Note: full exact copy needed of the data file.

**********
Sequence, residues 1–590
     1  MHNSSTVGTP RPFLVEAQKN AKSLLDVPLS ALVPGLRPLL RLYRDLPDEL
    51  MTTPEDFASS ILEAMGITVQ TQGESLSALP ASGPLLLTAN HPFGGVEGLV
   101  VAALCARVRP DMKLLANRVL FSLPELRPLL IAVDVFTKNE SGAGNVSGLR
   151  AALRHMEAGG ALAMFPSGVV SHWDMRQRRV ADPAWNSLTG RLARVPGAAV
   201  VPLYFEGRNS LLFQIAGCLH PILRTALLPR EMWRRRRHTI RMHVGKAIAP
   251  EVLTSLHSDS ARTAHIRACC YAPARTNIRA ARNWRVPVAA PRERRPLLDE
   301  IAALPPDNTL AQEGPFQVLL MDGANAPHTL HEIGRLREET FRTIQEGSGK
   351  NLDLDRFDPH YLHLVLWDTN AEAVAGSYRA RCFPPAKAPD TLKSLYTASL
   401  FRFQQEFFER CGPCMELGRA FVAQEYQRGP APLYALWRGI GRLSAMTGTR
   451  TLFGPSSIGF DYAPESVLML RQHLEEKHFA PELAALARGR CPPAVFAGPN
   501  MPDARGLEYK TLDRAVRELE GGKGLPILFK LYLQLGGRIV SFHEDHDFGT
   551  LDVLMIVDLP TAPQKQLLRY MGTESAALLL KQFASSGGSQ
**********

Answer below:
Sequence, residues 1–590
     1  MHNSSTVGTP RPFLVEAQKN AKSLLDVPLS ALVPGLRPLL RLYRDLPDEL
    51  MTTPEDFASS ILEAMGITVQ TQGESLSALP ASGPLLLTAN HPFGGVEGLV
   101  VAALCARVRP DMKLLANRVL FSLPELRPLL IAVDVFTKNE SGAGNVSGLR
   151  AALRHMEAGG ALAMFPSGVV SHWDMRQRRV ADPAWNSLTG RLARVPGAAV
   201  VPLYFEGRNS LLFQIAGCLH PILRTALLPR EMWRRRRHTI RMHVGKAIAP
   251  EVLTSLHSDS ARTAHIRACC YAPARTNIRA ARNWRVPVAA PRERRPLLDE
   301  IAALPPDNTL AQEGPFQVLL MDGANAPHTL HEIGRLREET FRTIQEGSGK
   351  NLDLDRFDPH YLHLVLWDTN AEAVAGSYRA RCFPPAKAPD TLKSLYTASL
   401  FRFQQEFFER CGPCMELGRA FVAQEYQRGP APLYALWRGI GRLSAMTGTR
   451  TLFGPSSIGF DYAPESVLML RQHLEEKHFA PELAALARGR CPPAVFAGPN
   501  MPDARGLEYK TLDRAVRELE GGKGLPILFK LYLQLGGRIV SFHEDHDFGT
   551  LDVLMIVDLP TAPQKQLLRY MGTESAALLL KQFASSGGSQ